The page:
As an example, if I can avoid using super high-end tools in my software development for UML modeling and/or Gannt chart for project management, I use PowerPoint. It's something I've already got no matter what PC I'm on, and minus the automatic code generation, does the same thing - sight summaries of the work I'm to do.
Don't get me wrong, I enjoy other niche tools, but sometimes less really is more.
I'm not a betting man, but if I were, my money would be on Kyle Korver and Ray Allen in the finals.
One of the things I'm really enjoying about NBA All-Star Weekend is that the good people in Denver apparently really love metal music. I'm writing this literally seconds after the 3-point shooting competition is starting, for which the booming low-end of Metallica's classic dirge "For Whom the Bell Tolls" resonated throughout the Pepsi Center during the player introductions. Also, during last night's Rookie Challenge, the event coordinators announced both the Rookie and Sophomore teams to the infinetly-looped main riff from "Enter Sandman".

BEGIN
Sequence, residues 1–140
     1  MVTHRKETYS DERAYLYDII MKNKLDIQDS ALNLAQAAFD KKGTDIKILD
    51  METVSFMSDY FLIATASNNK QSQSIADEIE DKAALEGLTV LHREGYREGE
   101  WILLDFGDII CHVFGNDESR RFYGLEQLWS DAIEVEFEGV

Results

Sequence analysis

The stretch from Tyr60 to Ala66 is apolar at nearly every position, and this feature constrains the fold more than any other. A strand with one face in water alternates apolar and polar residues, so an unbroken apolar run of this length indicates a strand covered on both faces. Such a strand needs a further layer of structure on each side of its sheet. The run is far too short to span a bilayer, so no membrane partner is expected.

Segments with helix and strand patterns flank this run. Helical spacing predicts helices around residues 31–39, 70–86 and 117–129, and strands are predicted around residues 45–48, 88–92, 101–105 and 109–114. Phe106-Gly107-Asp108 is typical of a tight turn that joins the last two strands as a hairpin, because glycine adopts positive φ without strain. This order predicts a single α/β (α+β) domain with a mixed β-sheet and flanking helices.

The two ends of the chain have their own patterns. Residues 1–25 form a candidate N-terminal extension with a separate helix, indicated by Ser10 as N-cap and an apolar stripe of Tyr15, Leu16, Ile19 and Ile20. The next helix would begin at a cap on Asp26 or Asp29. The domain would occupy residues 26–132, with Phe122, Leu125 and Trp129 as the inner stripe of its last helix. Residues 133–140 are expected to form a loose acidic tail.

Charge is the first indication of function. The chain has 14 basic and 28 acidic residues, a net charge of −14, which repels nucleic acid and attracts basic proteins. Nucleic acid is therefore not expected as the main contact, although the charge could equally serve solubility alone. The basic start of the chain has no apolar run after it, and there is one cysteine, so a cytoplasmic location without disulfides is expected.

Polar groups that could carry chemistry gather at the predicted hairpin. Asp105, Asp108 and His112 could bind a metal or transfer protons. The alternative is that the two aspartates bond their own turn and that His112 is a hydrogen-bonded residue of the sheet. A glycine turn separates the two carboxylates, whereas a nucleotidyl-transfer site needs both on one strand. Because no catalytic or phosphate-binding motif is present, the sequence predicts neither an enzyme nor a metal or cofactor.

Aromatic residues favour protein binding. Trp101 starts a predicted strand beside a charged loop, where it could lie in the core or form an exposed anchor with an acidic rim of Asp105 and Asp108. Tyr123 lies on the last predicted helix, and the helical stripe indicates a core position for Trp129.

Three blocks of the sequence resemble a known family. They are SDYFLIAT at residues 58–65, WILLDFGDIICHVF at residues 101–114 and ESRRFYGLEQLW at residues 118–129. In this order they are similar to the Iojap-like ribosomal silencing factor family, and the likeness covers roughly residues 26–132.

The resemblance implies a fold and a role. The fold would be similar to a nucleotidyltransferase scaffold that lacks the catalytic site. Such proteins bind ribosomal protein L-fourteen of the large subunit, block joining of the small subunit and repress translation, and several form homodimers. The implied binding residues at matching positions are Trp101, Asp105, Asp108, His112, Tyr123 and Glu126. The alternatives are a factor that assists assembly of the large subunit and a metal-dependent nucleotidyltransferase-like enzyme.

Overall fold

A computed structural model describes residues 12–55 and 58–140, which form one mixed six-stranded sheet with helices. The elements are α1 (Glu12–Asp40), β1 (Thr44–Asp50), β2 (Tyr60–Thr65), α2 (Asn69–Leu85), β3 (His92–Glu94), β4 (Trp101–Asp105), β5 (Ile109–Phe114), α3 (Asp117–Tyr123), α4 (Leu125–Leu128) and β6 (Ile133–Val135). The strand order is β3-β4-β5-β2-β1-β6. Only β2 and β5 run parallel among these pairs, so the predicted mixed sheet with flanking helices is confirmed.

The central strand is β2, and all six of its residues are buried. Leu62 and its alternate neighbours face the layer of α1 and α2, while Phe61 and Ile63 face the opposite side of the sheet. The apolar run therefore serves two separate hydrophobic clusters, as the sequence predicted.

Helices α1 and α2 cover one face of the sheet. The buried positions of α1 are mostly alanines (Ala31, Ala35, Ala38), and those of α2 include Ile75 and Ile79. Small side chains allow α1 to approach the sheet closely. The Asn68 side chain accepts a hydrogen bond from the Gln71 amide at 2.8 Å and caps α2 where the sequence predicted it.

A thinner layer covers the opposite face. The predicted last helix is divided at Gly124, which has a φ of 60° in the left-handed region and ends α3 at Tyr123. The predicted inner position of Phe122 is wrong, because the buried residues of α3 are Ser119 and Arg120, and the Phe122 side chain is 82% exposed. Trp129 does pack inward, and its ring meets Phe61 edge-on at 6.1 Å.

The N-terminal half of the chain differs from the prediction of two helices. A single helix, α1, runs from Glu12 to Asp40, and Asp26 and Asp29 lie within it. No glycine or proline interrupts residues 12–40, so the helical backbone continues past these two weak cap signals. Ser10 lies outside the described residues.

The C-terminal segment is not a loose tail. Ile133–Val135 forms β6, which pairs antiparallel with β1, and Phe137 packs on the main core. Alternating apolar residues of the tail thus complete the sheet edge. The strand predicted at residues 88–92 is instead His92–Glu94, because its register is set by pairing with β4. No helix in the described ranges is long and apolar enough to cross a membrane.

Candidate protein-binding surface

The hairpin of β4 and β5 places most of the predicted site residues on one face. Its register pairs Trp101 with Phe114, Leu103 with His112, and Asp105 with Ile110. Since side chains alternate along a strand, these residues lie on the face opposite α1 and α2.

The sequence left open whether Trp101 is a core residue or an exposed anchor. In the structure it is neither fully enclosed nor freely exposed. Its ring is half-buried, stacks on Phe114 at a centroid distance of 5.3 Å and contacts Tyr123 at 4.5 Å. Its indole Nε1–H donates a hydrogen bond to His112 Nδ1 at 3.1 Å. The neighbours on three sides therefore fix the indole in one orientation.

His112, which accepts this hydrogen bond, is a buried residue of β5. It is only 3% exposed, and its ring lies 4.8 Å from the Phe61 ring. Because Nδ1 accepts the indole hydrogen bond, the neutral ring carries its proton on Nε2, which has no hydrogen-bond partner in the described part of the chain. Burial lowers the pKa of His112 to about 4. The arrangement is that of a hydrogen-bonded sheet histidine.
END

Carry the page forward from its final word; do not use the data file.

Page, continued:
I've had the sample Tourney Bracket Control from TourneyLogic for a few weeks now, and I just got around to playing with the API directly in preparation for an online contest my station is doing for the upcoming NCAA March Madness basketball tournament.
Because of budgetary constraints (my own), I decided not to buy their automatic Tourney Poll Manager, which is also really sweet, and build a back-end myself for the database structure and reporting front-end stuff.